Since Mars Pathfinder, NASA’s explorers at the red planet have been on the hunt for water, not life.

NASA’s Spirit and Opportunity rovers launched in 2003 and found evidence of ancient hot springs and a coastline with the discovery of fine-grained silica soil and layered rock patterns, environments that could support hardy microorganisms known to live on Earth. Opportunity also returned data suggesting water on Mars may have been drinkable, before an acidic period in the planet’s ancient past, according to mission scientists.

NASA’s Phoenix lander arrived at Mars in May 2008, descending to Mars’ arctic plains for a five-month mission that scooped up the uppermost layer of soil to find ice deposits lying just inches deep. Phoenix also detected light snowfall from high-altitude cirrus clouds, adding to scientists’ understanding of the Martian water cycle.

Phoenix discovered perchlorate, an unexpected chemical in Martian soil that is toxic to some Earth-based life forms and serves as food for others. Perchlorate also has implications for future human expeditions to Mars because it can be refined into rocket fuel.

The Curiosity rover has traversed across Gale Crater since August 2012, and measurements collected at multiple stops near the mission’s landing site led scientists to surmise the 96-mile (154-kilometer) impact basin once had flowing rivers and a large lake, or system of lakes.

One of the most eye-catching discoveries in recent years comes from aerial imagery taken by a high-resolution camera aboard NASA’s Mars Reconnaissance Orbiter. Scientists analyzing the images, and spectral data to go with it, found intermittent seasonal briny water flows on steep hillsides and crater walls, an environment that could be ripe for microbial life today.

The flows could be triggered by the warmth of the sun causing shallow ice to melt and flow down the slopes, or the recurring features, which appear as dark streaks to MRO’s camera, could stem from water bubbling up from shallow aquifers.

“That means we have the potential to access that subsurface water on Mars quite easily,” Stofan said. “So, again, it goes back to this question (of life). If there’s life on Mars, that’s probably the environment in which we would find it potentially in the future, so these are extremely exciting sites for potential future exploration.”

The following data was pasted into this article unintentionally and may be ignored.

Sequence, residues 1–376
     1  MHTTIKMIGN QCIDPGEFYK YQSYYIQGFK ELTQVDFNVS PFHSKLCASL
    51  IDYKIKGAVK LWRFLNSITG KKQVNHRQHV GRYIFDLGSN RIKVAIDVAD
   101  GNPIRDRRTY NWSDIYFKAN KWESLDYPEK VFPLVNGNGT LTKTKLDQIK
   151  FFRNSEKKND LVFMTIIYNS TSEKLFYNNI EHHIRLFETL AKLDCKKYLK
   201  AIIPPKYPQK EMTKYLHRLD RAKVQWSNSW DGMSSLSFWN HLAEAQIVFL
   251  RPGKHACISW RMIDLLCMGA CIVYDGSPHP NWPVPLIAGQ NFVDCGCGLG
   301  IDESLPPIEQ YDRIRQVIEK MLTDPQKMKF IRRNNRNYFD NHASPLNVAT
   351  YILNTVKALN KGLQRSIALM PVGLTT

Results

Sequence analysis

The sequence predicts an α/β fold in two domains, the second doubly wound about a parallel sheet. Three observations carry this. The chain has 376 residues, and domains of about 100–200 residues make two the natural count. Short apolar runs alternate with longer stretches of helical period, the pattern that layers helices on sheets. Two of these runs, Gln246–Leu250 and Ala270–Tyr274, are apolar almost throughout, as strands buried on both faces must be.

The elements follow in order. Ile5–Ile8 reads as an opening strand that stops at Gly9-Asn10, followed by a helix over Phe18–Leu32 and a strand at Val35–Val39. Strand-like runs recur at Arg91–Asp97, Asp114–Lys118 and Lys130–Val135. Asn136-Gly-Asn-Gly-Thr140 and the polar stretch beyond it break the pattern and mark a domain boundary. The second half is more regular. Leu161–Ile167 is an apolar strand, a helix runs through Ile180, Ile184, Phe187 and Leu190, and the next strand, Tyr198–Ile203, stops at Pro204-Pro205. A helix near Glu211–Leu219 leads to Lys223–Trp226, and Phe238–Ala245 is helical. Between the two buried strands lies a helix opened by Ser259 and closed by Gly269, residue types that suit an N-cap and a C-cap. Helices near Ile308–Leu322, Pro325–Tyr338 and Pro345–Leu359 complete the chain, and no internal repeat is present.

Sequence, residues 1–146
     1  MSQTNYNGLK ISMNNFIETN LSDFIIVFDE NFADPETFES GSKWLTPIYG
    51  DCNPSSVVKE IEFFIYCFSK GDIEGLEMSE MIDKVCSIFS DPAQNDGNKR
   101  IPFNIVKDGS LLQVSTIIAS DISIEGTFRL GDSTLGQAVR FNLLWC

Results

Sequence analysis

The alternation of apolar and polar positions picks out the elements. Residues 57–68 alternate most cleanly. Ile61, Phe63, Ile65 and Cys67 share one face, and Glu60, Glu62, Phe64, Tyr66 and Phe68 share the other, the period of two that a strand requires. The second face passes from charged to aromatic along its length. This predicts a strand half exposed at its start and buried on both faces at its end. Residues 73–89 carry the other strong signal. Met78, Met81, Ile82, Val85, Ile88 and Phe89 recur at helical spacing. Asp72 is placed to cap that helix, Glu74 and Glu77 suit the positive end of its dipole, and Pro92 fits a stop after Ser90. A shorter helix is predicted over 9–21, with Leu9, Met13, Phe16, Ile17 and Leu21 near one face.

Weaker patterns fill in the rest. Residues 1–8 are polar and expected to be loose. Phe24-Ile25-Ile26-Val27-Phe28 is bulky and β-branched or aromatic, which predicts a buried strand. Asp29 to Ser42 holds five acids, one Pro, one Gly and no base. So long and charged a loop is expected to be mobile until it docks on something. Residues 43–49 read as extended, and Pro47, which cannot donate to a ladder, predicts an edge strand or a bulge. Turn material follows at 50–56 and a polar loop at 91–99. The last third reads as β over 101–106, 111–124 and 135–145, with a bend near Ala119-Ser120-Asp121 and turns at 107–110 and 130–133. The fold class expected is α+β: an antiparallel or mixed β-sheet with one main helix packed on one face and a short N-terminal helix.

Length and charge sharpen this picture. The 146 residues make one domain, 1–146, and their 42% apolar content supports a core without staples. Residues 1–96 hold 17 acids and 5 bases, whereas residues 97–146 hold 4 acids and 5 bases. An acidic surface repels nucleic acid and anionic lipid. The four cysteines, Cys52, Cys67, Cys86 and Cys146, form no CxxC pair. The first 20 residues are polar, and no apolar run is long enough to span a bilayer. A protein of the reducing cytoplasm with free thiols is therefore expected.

The Mars Reconnaissance Orbiter's HiRISE camera captured this view of seasonal water flows in the central mountains of Hale Crater. The recurring features appear as finger-like appendages emanating from the raised terrain in the center of the image. Credit: NASA/JPL/University of Arizona
The Mars Reconnaissance Orbiter’s HiRISE camera captured this view of seasonal water flows in the central mountains of Hale Crater. The recurring features appear as finger-like appendages emanating from the raised terrain in the center of the image. Credit: NASA/JPL/University of Arizona

But finding a recognizable organism near one of the water flows will be difficult. NASA has designated the flow sites as “special regions” that should be avoided by humans or any spacecraft not sterilized with extreme care, and many scientists don’t agree on what a new space instrument designed to find life should measure.

One dream scenario proposed by NASA officials planning human missions to Mars might involve an astronaut base in orbit around the planet, or on the surface miles away from the sensitive water flows. In such a case, crew members could direct ultra-clean rovers via real-time remote control radio links to explore for life without putting astronauts, or the potential alien microbes, in jeopardy from contamination.

Rover drivers on Earth can only send the Curiosity and Opportunity craft pre-programmed commands due to the minutes-long communications lag. At closer distances, astronauts could drive rover scouts as they would fly a drone or play a video game.